“Members,” Thompson said, “are entertaining constituents in what conceivably could be called their bedroom.” Capitol cleaning staff, he added, should not be “chambermaids for members of Congress.”

The issue also hints at tensions surrounding the wealth disparity among lawmakers and a perceived double standard in prosecuting ethics complaints. Rents in Washington D.C. have soared over the last two decades, and while members of Congress won’t attract much sympathy with their $174,000 annual salaries, they must be able to afford housing both in their home districts and in Washington. Thompson said he’s lived in the same Capitol Hill studio apartment since he arrived in Congress in 1993, and the rent is now $1,400 a month.

Those who choose to sleep in their offices are often—though not entirely—white male Republicans who aren’t doing so out of financial necessity but because they want to signal to constituents that they’re living humbly and haven’t “gone Washington.” It becomes a statement about their politics as much as a pragmatic accommodation. As Representative Todd Rikita of Indiana told The New York Times in 2011: “I am much too fiscally conservative, not only with the people’s money but with my own, to pay that much money.”

Though there are Democrats and even a few women who sleep in their offices, the practice has long been a sore spot within the CBC, Thompson said, whose members generally aren’t as wealthy as other lawmakers and who occasionally feel unfairly targeted in ethics investigations. “So we say, well, here’s a glaring situation where we think other members either because of their influence or whatever are not being held to a similar kind of standard,” Thompson told me. “We just don't want a double standard to exist within Congress.”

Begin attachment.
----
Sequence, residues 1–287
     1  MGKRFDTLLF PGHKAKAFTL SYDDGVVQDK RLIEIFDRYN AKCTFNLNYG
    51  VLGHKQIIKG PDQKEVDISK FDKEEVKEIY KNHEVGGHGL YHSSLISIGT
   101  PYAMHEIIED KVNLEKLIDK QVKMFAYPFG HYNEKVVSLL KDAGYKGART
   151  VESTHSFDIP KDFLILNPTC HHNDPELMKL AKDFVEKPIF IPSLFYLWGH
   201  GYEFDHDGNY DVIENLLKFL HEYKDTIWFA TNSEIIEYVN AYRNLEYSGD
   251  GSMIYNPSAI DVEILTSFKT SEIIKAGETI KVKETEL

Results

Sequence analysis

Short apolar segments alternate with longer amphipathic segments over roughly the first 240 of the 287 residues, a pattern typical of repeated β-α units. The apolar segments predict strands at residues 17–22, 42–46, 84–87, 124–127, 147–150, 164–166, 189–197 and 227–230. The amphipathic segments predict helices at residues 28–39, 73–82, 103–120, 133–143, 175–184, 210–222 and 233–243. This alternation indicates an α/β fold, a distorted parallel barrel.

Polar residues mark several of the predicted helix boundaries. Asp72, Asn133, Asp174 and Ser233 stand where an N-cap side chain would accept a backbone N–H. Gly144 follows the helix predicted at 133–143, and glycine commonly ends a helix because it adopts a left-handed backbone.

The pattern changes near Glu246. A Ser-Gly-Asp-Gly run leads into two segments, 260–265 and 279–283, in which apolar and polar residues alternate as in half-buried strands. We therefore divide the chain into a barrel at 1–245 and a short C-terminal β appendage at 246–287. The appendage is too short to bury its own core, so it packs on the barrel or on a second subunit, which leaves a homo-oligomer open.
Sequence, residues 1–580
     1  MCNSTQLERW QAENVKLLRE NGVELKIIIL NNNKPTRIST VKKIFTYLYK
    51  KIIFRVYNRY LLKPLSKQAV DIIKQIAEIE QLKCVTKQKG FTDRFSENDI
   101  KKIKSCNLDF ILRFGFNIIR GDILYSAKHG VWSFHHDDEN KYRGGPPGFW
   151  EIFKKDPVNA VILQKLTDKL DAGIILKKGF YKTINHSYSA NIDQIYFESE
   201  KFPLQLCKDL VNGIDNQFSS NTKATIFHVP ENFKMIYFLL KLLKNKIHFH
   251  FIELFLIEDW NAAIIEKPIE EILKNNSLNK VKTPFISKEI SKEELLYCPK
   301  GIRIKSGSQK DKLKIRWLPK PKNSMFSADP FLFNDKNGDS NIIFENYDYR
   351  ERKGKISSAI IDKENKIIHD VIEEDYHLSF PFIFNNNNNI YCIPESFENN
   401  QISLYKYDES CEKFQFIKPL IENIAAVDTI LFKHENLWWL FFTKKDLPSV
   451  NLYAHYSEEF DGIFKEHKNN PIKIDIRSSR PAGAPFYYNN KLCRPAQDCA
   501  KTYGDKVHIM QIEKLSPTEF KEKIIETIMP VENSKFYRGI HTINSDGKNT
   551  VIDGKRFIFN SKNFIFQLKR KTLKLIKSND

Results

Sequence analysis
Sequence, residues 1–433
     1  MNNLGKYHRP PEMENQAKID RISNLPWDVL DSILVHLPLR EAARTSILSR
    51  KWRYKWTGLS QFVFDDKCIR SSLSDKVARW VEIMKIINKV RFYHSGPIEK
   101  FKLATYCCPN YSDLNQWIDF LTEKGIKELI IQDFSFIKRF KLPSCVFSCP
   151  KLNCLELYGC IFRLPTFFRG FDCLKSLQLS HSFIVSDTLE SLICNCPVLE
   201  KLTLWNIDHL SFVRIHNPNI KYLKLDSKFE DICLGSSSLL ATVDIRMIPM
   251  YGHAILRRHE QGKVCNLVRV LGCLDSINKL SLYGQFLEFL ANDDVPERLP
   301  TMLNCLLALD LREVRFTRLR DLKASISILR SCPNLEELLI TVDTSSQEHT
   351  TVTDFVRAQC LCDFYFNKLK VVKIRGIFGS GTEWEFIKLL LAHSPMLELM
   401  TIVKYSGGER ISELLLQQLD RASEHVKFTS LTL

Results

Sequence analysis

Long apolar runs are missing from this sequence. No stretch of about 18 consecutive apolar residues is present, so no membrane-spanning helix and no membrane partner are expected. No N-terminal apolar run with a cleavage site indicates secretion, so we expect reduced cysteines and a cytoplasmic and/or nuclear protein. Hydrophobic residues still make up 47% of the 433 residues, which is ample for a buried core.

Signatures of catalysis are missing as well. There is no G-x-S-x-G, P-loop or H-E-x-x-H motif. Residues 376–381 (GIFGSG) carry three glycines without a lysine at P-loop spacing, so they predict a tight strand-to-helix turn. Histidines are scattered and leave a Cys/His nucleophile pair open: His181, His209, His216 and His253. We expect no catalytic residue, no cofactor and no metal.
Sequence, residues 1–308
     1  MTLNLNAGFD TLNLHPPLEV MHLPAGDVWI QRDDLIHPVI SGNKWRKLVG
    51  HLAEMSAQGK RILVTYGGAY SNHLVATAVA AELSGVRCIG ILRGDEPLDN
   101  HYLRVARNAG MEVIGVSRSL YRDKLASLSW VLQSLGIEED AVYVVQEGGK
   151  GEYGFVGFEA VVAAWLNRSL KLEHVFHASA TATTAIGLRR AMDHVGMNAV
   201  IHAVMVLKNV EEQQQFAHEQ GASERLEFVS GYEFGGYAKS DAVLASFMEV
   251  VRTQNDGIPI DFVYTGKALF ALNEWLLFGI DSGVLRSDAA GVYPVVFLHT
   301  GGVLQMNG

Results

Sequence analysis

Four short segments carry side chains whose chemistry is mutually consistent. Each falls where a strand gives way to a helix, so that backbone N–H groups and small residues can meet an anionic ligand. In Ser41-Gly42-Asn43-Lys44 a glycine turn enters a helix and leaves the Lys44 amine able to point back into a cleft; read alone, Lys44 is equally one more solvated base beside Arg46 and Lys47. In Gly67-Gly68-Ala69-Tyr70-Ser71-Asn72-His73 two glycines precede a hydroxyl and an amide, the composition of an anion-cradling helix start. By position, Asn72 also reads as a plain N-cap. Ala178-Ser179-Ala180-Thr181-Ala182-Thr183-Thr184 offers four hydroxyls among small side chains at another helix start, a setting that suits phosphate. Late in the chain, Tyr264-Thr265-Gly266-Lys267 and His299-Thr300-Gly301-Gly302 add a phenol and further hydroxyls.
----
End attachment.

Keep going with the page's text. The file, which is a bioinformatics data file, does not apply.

The CBC sent its letter to the Ethics Committee in December, but so far there’s been no response. “Not a word,” Thompson said, noting that members routinely ask the bipartisan panel for advisory opinions on ethically-murky practices. When I asked Tom Rust, the committee’s staff director and spokesman, for a response to the CBC’s complaint, he replied: “No comment.” And when I followed up by asking if any of its 10 members slept in their offices, he replied again, “No comment.” AshLee Strong, a spokeswoman for Speaker Ryan, did not reply to a request for comment.

Thompson and Speier will soon unveil a legislative ban on the practice. But beyond the unlikely chance of passing a bill, there are few other alternatives, and each could lead to political blowback. Thompson suggested forcing members to pay for the right to use their offices as makeshift apartments, much as they are taxed for their parking spaces now. Former Representative Jason Chaffetz of Utah boasted about his modest office abode while in Congress, but soon before he left last year he proposed giving members of Congress a $2,500 monthly housing stipend. That would amount to a $30,000 annual pay increase, costing taxpayers at least $16 million a year. Thompson said a stipend or congressional pay raise were “both options,” noting that federal judges had received a salary boost to $200,000 a year but legislators had seen nothing and actually lost a $3,200 deduction in last year’s GOP tax-cut bill.

Sloan had a more novel suggestion: Congress should build a lawmaker dorm, modeled on a development aimed at young professionals under construction in San Francisco. Dorm-style living might not be the ideal solution in an industry already prone to sex scandals, but, she argued, it would be an improvement over the choice between paying high rents or debasing Capitol offices. “It's kind of disgusting,” Sloan said. “I mean, the place is not a frat house. It’s a place of business.”